Thursday, March 16, 2006

Feeding the Wildlife

The snow has driven more birds to our bird feeders here at Whitelees. I like seeing the different varieties of birds. The UK birds still delight me. I can't distinguish them by their song like I can with US birds. I think I need to get someone to come out with me to help identify the separate songs.

We had about 30 curlew fly overhead this morning while I was walking the dog. I also heard a woodpecker very close by. I still haven't seen it, but I haven't heard so much woodpecker activity as I have this winter. Trees are here all day long, why is there only drumming in the early part of the day?

We've been getting blackbirds at the fat balls this week. We've never seen them at the feeder like this. I guess hunger will get them to do things they wouldn't normally do. Its fun to observe behaviour. When little Bluetits are at the feeder they don't seem to mind sharing and being crowded in. If a Great Tit arrives, everybody else has to go. Those Great Tits eat alone.


I had some leftover puff pastry from dinner the other night. I baked it up and put it out near the bird feeders. The sparrows loved it. Sparrows are not common in our garden anymore. Chaffinches and Dunnocks are much more common.

Feeding birds reminds me of when my Dad and I fed the eagles. (nostalgia warning!)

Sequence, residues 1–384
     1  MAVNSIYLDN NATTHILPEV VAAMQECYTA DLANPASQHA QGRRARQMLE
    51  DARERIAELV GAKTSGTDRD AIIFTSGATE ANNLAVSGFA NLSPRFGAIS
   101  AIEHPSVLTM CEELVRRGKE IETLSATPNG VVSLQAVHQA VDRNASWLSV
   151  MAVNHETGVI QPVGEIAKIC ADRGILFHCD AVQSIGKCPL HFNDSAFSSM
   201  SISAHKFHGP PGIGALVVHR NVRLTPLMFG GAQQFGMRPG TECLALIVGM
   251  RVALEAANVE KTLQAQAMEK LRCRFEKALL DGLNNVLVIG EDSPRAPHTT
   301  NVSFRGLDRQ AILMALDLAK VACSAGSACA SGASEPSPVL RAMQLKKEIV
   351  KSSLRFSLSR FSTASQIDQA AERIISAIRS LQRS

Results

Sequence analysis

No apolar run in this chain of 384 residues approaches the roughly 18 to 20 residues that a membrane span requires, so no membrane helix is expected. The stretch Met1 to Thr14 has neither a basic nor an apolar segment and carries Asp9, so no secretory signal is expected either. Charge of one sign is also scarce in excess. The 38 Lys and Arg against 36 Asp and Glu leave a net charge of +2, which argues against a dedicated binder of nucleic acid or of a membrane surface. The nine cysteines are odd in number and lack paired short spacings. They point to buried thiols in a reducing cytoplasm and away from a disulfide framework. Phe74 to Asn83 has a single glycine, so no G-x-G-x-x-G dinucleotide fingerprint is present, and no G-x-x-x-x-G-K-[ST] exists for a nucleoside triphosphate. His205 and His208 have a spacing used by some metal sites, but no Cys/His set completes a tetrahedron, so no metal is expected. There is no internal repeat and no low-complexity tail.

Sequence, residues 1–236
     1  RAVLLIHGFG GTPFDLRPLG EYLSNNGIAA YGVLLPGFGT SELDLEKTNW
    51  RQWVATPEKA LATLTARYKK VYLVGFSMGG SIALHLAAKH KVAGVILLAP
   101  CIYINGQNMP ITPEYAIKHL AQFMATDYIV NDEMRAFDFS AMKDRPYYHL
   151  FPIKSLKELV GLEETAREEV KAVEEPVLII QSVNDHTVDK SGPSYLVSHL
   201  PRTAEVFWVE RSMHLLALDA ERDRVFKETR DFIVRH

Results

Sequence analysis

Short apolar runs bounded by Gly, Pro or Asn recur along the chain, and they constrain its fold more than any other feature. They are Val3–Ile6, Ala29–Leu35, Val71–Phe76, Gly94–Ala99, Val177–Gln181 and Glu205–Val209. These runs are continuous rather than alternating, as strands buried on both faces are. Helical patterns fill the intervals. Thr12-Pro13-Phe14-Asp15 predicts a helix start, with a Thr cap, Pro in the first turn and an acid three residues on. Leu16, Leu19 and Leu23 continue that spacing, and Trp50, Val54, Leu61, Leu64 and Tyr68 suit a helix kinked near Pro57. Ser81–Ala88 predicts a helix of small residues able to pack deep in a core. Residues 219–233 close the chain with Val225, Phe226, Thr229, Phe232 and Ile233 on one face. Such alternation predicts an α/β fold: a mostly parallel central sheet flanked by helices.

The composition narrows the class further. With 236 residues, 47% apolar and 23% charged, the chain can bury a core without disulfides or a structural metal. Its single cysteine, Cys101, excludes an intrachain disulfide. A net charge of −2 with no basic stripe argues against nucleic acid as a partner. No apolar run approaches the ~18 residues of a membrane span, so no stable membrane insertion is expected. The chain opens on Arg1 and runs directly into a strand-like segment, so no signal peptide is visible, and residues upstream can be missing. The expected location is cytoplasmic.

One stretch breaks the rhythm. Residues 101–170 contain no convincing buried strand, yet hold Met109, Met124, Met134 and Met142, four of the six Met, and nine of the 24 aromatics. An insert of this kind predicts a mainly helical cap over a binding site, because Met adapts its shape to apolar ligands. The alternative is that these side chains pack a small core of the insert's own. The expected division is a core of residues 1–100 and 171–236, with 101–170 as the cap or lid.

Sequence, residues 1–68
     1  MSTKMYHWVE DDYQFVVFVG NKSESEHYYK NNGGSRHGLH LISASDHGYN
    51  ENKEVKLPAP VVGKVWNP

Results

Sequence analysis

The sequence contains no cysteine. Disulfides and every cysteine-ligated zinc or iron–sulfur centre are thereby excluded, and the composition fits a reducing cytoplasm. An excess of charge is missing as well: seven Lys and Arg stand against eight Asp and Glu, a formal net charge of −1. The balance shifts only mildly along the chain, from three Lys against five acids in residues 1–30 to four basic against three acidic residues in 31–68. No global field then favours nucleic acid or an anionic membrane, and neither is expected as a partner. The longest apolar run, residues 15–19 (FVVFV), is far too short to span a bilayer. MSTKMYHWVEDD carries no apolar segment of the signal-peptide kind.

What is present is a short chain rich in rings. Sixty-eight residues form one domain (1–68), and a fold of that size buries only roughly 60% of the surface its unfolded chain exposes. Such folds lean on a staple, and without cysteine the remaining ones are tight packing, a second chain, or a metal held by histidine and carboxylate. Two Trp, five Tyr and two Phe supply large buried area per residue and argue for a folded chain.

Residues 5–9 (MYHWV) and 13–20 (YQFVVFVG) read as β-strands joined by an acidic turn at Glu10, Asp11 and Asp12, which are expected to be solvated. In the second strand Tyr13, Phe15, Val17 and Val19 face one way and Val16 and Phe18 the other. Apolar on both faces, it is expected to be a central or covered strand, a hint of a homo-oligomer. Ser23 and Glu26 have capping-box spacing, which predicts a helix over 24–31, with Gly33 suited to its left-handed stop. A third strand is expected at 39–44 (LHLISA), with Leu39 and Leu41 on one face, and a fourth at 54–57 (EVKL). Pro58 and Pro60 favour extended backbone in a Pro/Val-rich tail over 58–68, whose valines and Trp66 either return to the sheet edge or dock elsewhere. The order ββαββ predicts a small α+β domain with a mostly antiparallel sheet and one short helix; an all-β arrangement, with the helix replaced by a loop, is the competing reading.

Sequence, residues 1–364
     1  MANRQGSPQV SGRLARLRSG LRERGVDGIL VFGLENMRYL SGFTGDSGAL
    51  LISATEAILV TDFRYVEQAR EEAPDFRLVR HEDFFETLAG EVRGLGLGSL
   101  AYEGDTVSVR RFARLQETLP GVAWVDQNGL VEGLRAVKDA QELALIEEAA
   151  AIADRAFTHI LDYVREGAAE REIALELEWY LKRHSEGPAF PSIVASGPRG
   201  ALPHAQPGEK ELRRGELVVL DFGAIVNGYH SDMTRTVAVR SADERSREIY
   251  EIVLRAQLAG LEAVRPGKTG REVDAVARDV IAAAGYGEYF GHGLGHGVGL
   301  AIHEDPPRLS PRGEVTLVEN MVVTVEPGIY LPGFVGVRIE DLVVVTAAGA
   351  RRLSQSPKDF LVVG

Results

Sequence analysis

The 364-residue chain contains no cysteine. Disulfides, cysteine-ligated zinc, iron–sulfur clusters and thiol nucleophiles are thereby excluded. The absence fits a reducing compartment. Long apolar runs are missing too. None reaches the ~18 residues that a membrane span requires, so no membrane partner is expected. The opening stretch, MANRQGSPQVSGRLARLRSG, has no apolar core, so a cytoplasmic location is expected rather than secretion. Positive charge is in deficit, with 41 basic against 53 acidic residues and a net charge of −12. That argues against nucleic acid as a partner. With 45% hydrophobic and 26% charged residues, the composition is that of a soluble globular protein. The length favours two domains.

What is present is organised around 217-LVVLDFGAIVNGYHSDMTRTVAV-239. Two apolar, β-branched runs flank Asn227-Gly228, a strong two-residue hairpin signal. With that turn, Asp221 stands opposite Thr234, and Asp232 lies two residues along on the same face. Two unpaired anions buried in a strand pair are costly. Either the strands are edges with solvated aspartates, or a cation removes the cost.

Up in Northern Wisconsin in the winter, all birds have to fight for survival. The winters are cold and very very snowy. The bald eagles will hunt near rivers for fish where there is a better chance of open water. However, if everything is frozen over, they become scavengers and learn where they are more likely to get an easy meal.

Dad had taken me ice fishing. He thought I might like it. He drove our car out onto the ice and parked up for our afternoon's fishing. Dad had an ice auger and drilled a hole in the very thick ice. Then he carefully scooped out all the little ice chips with an impliment that looked like it had been taken from grandma's kitchen. We then stood on the ice and watched a bobber in the hopes that a desperate fish would take the bait we had ploppped down into the hole.

Ice fishing is cold. I mean really really cold. If you don't have a little fishing shack, you have to sit in the car or stand outside. If you stand outside, the chill from the ice will work its way through your boots, up past your two layers of socks and to your little pink piggies making them numb. If you manage to catch a fish and its too small, what do you do then? You can't really poke it back through the hole in the ice. The little fish has had it, too small or not. Dad and I threw our too small fish way out on the ice as far as we could throw them. The bald eagles that had been lurking in the pines at the edge of the lake then came swooping down, and grabbed these fish and flew back to the trees. It was great! I stopped caring that I couldn't feel my feet and wished for more undersized fish! I would have given them all the fish. Feeding pidgeons in the park would always pale in comparison to this!

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